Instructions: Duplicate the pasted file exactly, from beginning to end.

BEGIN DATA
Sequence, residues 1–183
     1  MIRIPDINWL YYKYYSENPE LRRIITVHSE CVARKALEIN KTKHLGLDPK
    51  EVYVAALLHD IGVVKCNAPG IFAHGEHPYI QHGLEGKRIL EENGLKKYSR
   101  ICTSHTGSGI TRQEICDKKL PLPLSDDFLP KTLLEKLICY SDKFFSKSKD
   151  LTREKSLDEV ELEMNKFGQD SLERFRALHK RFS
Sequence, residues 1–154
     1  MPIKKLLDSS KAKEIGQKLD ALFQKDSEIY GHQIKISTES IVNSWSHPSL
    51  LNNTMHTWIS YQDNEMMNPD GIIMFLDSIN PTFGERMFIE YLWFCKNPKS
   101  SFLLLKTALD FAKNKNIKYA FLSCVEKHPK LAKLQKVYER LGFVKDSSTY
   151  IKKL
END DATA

Sequence, residues 1–183
     1  MIRIPDINWL YYKYYSENPE LRRIITVHSE CVARKALEIN KTKHLGLDPK
    51  EVYVAALLHD IGVVKCNAPG IFAHGEHPYI QHGLEGKRIL EENGLKKYSR
   101  ICTSHTGSGI TRQEICDKKL PLPLSDDFLP KTLLEKLICY SDKFFSKSKD
   151  LTREKSLDEV ELEMNKFGQD SLERFRALHK RFS
Sequence, residues 1–154
     1  MPIKKLLDSS KAKEIGQKLD ALFQKDSEIY GHQIKISTES IVNSWSHPSL
    51  LNNTMHTWIS YQDNEMMNPD GIIMFLDSIN PTFGERMFIE YLWFCKNPKS
   101  SFLLLKTALD FAKNKNIKYA FLSCVEKHPK LAKLQKVYER LGFVKDSSTY
   151  IKKL